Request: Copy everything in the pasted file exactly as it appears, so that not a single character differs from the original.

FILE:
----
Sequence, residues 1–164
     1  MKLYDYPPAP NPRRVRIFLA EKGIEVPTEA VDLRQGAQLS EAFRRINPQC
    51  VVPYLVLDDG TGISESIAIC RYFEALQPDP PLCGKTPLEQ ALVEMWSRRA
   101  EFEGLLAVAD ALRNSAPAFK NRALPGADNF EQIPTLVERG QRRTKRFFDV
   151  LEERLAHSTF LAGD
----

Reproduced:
Sequence, residues 1–164
     1  MKLYDYPPAP NPRRVRIFLA EKGIEVPTEA VDLRQGAQLS EAFRRINPQC
    51  VVPYLVLDDG TGISESIAIC RYFEALQPDP PLCGKTPLEQ ALVEMWSRRA
   101  EFEGLLAVAD ALRNSAPAFK NRALPGADNF EQIPTLVERG QRRTKRFFDV
   151  LEERLAHSTF LAGD